My exposure to litigators is all in a big law context. The only contractual drafting I’ve seen in that end of things is settlement agreements and related agreements parties enter into concluding litigation. Generally speaking, a transactional practitioner is usually asked to help. I don’t know if that’s the norm though - pretty far afield from what I do day to day. 

Share this post


Link to post
Share on other sites

Litigators fight over what contracts mean all the time. And draft settlements, waivers, etc.

Share this post


Link to post
Share on other sites
10 hours ago, theycancallyouhoju said:

My exposure to litigators is all in a big law context. The only contractual drafting I’ve seen in that end of things is settlement agreements and related agreements parties enter into concluding litigation. Generally speaking, a transactional practitioner is usually asked to help. I don’t know if that’s the norm though - pretty far afield from what I do day to day.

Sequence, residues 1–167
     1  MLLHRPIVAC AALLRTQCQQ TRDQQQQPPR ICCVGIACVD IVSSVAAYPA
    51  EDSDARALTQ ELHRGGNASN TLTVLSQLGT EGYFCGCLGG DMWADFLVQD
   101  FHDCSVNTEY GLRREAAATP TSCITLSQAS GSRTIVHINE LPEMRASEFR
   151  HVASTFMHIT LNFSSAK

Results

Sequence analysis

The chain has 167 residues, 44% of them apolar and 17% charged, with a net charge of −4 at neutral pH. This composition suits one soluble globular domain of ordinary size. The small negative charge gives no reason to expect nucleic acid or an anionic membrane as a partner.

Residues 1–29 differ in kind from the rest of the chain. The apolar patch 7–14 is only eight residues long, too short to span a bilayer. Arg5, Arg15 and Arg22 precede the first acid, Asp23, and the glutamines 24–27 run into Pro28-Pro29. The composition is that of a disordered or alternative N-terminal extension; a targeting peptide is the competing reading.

10 hours ago, Jaggers said:

Litigators fight over what contracts mean all the time. And draft settlements, waivers, etc.

Sorry, what I meant to ask is whether litigators are subdivided by specializations similar to transactional lawyers. I ask because you hear about all kinds of different groups on the transactional side of a full service law firm, but when speaking about litigators people generally just say "litigation department".

Share this post


Link to post
Share on other sites
2 minutes ago, Cheech said:

 

Sorry, what I meant to ask is whether litigators are subdivided by specializations similar to transactional lawyers. I ask because you hear about all kinds of different groups on the transactional side of a full service law firm, but when speaking about litigators people generally just say "litigation department".

Seconded! I'd also be curious to hear an answer on this.

  • Like 1

Share this post


Link to post
Share on other sites

Create an account or sign in to comment

You need to be a member in order to leave a comment

Create an account

Sign up for a new account in our community. It's easy!

Register a new account

Sign in

Already have an account? Sign in here.

Sign In Now

  • Recently Browsing   0 members

    No registered users viewing this page.



×
×
  • Create New...